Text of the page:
Highlights of the SEC Forum on Small Business Capital Formation Figure

January 26, 2017  |  Business, Corporate & Securities; Insights

Highlights of the SEC Forum on Small Business Capital Formation

By: , Thomas H. Bilodeau, III

The 35th Annual Securities and Exchange Commission Government-Business Forum on Small Business Capital Formation was held on November 17, 2016 at SEC Headquarters in Washington, D.C.

A panel of learned practitioners and securities law experts held a discussion on the state of the union of small business capital formation moderated by the Director of the SEC Division of Corporation Finance and the Chief of the Office of Office of Small Business Policy SEC Division of Corporation Finance. The then current SEC Commissioners also were in attendance.

The discussion largely focused on the efficacy of the JOBS Act (chiefly Titles I through IV) and related rulemaking by the SEC in promoting capital raising by small businesses over the past four years. In this post, I have attempted to sift through the long discussion and bring to your attention below several noteworthy nuggets of information and insight from the panel discussion.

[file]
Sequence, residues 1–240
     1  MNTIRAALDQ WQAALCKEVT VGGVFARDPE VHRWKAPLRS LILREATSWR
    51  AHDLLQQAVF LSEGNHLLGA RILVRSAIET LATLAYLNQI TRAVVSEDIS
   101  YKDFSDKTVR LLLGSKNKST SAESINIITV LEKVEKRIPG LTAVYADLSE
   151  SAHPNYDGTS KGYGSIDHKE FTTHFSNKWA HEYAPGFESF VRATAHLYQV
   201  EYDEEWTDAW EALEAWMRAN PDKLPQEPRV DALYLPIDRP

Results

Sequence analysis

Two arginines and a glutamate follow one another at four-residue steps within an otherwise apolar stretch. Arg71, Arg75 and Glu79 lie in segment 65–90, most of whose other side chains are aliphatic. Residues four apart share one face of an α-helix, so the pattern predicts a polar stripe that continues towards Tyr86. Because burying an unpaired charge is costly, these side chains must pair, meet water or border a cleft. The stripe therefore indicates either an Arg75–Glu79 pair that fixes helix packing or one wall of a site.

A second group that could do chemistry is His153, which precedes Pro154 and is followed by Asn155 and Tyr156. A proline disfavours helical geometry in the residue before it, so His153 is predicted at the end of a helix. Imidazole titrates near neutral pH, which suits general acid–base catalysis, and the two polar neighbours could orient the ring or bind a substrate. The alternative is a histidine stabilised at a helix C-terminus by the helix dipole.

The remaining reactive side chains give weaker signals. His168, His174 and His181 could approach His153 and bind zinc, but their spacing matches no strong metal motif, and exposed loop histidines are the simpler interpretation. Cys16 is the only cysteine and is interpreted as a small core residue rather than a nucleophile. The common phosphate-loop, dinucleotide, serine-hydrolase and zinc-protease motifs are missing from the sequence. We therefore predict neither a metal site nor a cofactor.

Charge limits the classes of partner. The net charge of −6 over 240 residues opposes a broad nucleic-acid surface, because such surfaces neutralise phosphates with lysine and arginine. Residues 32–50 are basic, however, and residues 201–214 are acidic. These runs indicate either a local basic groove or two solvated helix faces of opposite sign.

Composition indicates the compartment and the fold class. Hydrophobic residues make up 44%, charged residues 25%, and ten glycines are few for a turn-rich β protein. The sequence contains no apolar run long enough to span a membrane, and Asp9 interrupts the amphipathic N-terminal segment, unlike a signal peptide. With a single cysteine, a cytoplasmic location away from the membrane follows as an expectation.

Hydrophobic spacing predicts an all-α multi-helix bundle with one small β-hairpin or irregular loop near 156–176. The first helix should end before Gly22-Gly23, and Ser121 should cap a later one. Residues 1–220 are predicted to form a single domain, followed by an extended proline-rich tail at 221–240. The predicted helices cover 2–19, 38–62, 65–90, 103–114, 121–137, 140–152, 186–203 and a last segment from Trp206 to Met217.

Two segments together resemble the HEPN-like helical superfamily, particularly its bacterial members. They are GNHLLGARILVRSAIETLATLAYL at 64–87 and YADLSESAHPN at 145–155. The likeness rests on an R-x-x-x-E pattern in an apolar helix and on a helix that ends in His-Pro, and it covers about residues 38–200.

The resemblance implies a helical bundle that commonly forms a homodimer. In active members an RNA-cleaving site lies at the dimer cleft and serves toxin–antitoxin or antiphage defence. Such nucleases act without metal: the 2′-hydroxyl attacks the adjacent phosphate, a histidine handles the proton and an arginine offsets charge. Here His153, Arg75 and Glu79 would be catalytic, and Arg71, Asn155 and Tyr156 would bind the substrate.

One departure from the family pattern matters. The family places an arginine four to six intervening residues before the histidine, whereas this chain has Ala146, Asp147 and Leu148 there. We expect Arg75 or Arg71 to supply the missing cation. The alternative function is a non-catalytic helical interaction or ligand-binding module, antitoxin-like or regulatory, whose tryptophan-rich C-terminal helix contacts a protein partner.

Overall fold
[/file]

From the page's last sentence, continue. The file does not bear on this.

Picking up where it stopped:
• Most companies, other than certain development stage companies, aren’t taking advantage of using only two years of audited financials.  This is driven perhaps by the investment community wanting to see more of the trajectory of a company’s financial statements.
  • EGC IPO Accounting fees have been lower for these kinds of development stage companies. As compared to tech IPOs, it’s almost a third lower in cost. And compared to all IPOs, it’s about 20 percent lower in cost, with respect to accounting fees.
  • The confidential submission process is helpful from a stealth perspective, but not necessarily from a cost-saving perspective.
  • Testing the waters (“TTW”) seems to be part of nearly every EGC IPO. Typically a TTW meeting is taking place right before the public filing is made to see if the messaging resonates, and see if the investors understand the story.  Some companies are doing this ahead of the filing process even to gauge whether to proceed down the path to an IPO.